A Life for a Life: The American Debate Over the Death Penalty

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McFarland, Aug 6, 2009 - Social Science - 215 pages
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Providing a new look at the intense public debate surrounding the death penalty in the United States, this book explores the various trends in public opinion that influence crime prevention efforts, create public policy, and reform criminal law. It examines eight core issues about the use of execution: cruel and unusual punishment, discrimination, deterrence, due process, culpability, scripture, innocence, and justice. It provides a brief history of capital punishment in the United States from the earliest known execution at the Jamestown Colony in 1608 to executions occurring as recently as 2008. Additional topics include the regionalization of capital punishment sentences, the spiritual and scriptural debate over the death penalty, the role of DNA evidence in modern execution sentences, and the ongoing effects of Furman v. Georgia, McClesky v. Kemp, Baze v. Rees, and other related court rulings.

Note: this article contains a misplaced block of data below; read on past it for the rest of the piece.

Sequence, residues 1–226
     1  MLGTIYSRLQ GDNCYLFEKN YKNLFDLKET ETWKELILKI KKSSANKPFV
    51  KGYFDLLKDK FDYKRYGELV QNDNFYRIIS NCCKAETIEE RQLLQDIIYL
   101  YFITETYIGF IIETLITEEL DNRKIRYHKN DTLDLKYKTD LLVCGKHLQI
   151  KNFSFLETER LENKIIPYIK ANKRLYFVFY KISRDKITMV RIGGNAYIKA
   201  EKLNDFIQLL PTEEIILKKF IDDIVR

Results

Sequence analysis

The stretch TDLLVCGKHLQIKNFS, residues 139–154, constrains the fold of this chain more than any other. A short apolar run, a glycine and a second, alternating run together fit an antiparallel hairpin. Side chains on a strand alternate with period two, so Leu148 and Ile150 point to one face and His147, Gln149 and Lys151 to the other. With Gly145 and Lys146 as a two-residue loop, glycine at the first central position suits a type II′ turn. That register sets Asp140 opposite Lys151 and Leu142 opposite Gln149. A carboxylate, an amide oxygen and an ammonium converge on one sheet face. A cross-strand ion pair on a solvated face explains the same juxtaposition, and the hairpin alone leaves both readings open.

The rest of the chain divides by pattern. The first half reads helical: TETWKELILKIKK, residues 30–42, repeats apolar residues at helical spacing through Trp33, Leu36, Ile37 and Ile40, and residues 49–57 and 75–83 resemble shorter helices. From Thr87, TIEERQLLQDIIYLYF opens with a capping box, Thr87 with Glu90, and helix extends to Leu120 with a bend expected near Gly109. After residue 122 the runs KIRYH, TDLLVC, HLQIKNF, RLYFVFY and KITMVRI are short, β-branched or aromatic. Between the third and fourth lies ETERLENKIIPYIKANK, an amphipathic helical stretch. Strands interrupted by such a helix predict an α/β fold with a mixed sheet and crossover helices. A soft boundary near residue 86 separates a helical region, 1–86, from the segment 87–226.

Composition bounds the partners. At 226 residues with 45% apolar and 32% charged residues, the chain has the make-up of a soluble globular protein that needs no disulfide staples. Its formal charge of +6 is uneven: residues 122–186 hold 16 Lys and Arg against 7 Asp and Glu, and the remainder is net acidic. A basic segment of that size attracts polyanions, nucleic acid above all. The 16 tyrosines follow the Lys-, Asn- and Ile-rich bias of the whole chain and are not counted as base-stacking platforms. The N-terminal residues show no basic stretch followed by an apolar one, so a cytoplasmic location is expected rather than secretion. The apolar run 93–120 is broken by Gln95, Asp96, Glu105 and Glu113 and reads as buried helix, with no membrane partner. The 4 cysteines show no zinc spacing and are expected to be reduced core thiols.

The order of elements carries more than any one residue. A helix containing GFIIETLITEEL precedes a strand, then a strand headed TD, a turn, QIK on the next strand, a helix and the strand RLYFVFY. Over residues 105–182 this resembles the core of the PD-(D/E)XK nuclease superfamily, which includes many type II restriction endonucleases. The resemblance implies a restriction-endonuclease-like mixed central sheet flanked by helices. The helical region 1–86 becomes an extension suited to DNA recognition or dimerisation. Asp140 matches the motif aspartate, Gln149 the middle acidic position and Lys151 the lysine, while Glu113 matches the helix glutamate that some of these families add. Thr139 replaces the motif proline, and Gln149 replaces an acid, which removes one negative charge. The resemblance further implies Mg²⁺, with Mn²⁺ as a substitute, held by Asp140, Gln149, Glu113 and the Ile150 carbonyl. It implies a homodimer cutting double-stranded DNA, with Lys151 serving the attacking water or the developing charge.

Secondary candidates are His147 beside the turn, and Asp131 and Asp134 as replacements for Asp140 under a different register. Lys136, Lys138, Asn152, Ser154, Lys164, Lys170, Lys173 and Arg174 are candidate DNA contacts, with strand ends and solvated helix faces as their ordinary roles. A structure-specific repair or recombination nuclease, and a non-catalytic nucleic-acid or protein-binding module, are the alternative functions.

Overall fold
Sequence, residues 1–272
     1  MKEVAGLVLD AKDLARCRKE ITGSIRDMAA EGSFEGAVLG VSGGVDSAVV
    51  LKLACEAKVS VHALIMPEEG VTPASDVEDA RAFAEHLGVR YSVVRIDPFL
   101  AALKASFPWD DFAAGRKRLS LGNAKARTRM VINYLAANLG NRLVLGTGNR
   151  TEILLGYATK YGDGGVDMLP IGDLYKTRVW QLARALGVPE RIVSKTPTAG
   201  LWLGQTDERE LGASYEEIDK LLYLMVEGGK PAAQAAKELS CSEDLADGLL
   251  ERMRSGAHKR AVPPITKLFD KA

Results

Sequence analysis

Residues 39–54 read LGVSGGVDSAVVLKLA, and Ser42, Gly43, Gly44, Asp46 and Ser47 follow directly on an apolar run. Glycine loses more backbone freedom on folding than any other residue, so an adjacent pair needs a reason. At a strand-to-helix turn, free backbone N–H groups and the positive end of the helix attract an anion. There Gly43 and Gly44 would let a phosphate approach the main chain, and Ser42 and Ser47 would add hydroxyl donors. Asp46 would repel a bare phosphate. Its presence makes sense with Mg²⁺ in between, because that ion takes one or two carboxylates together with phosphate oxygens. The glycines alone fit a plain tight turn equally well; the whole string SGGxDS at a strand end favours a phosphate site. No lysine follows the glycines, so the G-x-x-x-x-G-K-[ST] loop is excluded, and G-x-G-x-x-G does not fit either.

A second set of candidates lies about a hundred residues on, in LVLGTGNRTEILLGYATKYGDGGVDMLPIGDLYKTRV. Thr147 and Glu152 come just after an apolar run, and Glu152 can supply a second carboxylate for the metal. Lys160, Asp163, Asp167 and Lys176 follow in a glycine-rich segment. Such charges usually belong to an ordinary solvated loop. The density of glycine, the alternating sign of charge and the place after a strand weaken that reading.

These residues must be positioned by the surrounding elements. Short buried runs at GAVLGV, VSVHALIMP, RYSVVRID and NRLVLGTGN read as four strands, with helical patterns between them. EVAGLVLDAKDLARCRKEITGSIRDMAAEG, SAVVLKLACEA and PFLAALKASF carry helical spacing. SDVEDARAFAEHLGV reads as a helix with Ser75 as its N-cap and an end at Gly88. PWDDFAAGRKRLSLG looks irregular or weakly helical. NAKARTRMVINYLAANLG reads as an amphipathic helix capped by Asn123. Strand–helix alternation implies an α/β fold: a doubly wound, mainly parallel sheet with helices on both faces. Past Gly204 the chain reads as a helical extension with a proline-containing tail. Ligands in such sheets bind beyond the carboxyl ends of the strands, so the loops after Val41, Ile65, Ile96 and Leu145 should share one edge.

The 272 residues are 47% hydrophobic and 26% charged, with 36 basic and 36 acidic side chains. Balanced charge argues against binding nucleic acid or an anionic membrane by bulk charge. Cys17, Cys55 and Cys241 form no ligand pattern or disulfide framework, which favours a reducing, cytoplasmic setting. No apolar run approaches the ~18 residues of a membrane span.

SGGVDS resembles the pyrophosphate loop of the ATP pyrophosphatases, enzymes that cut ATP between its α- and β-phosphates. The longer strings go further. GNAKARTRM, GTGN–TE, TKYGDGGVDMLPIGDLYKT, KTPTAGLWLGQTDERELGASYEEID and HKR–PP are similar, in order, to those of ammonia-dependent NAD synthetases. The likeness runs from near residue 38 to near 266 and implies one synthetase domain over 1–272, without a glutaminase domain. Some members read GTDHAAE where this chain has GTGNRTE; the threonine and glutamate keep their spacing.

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Contents

The Question of Cruel and Unusual
26
The Question of Discrimination
44
The Question of Deterrence
71
The Question of Culpability
81
The Question of Scripture
95
The Question of Innocence
104
The Question of Justice
114
The Current Situation
123
Appendices
143
Chapter Notes
185
Bibliography
195
Index
203
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About the author (2009)

Psychologist Michael Dow Burkhead has worked in varying capacities with criminal offenders for 25 years. He is the author of a number of articles regarding the treatment of mentally ill prisoners and the death penalty. He lives in Asheville, North Carolina.

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